FriendFeed has a a few things to address and going for it when it comes to advertising. Users’ affection for the Refresh function means a lot of page views, but how much time will they spend on the ads. There’s a field of white space off the right, so real estate for ads won’t be a problem.

But FriendFeed does have two good weapons in its arsenal when it comes to advertising:

  1. A search function with a ton of potential (and search is the killer advertising feature)
  2. A mountain of data about what users’ interests are

As for business uses, my first thought when I saw the Rooms feature was that it could be a great thing for companies to use. Employees can trade thoughts on ideas and projects via Rooms. In fact, that’s how the FriendFeed guys use Rooms:

It started when we wanted a better way to share feature ideas and product plans with each other here at FriendFeed

I can also see media companies adding Rooms functionality to their sites. A much richer way to let readers discuss content than the current commenting systems.

Final Thoughts

I’ve written plenty about FriendFeed, and I’ll probably write more in the future. Partly because it’s such a compelling site for me. As a full participant, I can see a lot of stuff going on. And it doesn’t hurt that the site is getting hot in the blogosphere.

But there’s something deeper here as well. In FriendFeed, you can see some of the bigger issues that all social media have to deal with. For instance, I’d written a series of posts about the noise issue on FriendFeed. My most recent post stepped away from being FriendFeed-specific, and took a look at the broader issue of signal vs discovery in social media. Marshall Kirkpatrick of ReadWriteWeb took it a step further with a great post Why Online “Noise” Is Good for You, pulling in scientific studies on the value of noise and discovery.

FriendFeed is tackling some meaty issues, as described above. Since they’ve got traction, a talented team, an innovative spirit and an attentive audience, their efforts to address the big questions will be a terrific study of the larger social media realm.

*****

See this item on FriendFeed: http://friendfeed.com/search?q=%22three+big+questions+facing+friendfeed%22&public=1

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About Hutch Carpenter
Chief Scientist Revolution Credit

6 Responses to Three Big Questions Facing FriendFeed

  1. Nicole Simon says:

    The signal noise is even more pressing for me – I am about to split (again) users on a tool like this to allow for language control, so people who do not speak German are able to filter it out efficiently.

    With tools like ffapps it already is much easier, but could go a lot further; and in regard to social networking – I would be happy if they just link themselves into something existing to allow for that exchange. Example: I’d provide my email address for something to be sent to me directly without revealing it to the public.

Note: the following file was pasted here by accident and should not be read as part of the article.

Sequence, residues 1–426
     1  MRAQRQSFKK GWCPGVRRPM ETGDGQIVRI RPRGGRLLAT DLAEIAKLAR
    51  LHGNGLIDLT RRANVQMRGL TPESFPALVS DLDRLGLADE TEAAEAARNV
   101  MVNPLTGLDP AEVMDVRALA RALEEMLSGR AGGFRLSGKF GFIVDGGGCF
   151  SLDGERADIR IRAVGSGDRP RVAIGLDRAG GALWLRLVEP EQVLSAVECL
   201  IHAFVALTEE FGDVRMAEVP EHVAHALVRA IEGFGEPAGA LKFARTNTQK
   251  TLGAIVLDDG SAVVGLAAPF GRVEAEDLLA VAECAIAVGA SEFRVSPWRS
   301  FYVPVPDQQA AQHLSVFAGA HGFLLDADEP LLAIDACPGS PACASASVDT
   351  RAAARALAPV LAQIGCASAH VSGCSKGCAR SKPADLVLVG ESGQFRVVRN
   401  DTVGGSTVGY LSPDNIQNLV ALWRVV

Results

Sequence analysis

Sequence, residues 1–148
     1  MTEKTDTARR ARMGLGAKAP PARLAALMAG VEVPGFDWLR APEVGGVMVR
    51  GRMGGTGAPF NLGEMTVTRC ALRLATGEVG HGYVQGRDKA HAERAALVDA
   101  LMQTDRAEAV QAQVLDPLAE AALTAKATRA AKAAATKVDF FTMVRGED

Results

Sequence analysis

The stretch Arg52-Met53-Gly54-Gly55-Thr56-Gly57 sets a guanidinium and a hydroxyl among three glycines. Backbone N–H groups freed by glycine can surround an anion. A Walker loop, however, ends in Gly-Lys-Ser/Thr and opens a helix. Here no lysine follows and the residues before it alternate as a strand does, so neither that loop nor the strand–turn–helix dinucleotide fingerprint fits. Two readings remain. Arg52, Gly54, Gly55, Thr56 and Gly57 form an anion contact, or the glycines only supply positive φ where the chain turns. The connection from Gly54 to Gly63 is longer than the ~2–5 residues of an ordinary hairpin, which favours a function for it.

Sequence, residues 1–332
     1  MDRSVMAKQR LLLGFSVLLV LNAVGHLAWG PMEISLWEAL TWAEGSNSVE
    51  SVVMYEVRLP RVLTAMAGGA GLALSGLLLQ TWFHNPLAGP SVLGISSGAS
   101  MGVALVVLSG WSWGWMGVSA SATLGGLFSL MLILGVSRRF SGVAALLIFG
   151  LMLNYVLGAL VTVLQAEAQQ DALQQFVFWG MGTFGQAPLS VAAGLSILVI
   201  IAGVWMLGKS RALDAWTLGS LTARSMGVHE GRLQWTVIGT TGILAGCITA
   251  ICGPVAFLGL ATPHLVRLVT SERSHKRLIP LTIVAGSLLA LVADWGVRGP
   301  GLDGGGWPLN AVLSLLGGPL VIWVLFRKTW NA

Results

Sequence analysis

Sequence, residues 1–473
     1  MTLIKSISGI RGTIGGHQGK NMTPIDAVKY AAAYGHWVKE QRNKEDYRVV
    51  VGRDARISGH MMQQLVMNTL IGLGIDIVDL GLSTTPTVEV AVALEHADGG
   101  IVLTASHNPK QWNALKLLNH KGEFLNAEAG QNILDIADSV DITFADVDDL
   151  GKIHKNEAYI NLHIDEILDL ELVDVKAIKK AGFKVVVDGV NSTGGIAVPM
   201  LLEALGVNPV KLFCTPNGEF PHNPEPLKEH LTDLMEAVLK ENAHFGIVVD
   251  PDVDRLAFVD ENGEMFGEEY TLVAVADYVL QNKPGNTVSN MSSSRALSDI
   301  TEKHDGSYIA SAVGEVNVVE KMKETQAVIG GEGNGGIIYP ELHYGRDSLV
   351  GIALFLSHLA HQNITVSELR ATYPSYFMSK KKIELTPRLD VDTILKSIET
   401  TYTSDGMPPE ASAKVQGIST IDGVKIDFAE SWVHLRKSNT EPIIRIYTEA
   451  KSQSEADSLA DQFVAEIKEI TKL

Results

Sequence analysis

Regarding biz: If they make my life much easier I am willing to pay for additional featuers. Not sure how much, but if they are good, I will. Sounds like a biz modell to me, together with the information base they get on attention data and more.

  2. Robin Cannon says:

    Signal noise is the issue for long term success of a lot of these aggregator/constant update type social networks. I think one of the reasons why the likes of Facebook is so “successful” in terms of heavy membership is that it needs no real input. You sign up, your friends add you, you check back in one a week and you’re a “user”.

    Not the case with the likes of Friendfeed. It requires an active input and has a lot of busy-ness. I know that I leave it running in background and even with shared interests with those I subscribe to, more than half of the stuff I see I have little interest in. I’m OK with that noise though, I can check my alert thingy app from time to time, use Friendfeed’s web page itself and other stuff like yacktrack to maximise the value I get. But whether that’s going to be extensible to the “non-techie” user is a very different thing.

  3. uohaa says:

    Great Information blog ! Thank you for keeping up the good work. I look forward to returning to your blog, and learning more from you !

  4. @Nicole – you raise a good point. There will always be questions about whether someone would pay for a Web 2.0 site’s functionality. I wouldn’t say that I’d pay for FriendFeed features now. But maybe down the road. The better pay-based model is to sell into companies.

  5. @Robin – good point on the level of interaction required to get the maximum benefit from FriendFeed. Rooms and the new “best of” feature are good for giving less active users greater benefit. I’m sure there will be more.

  6. Pingback: FriendFeed: Social Network? Or Uber Information Management Service? « I’m Not Actually a Geek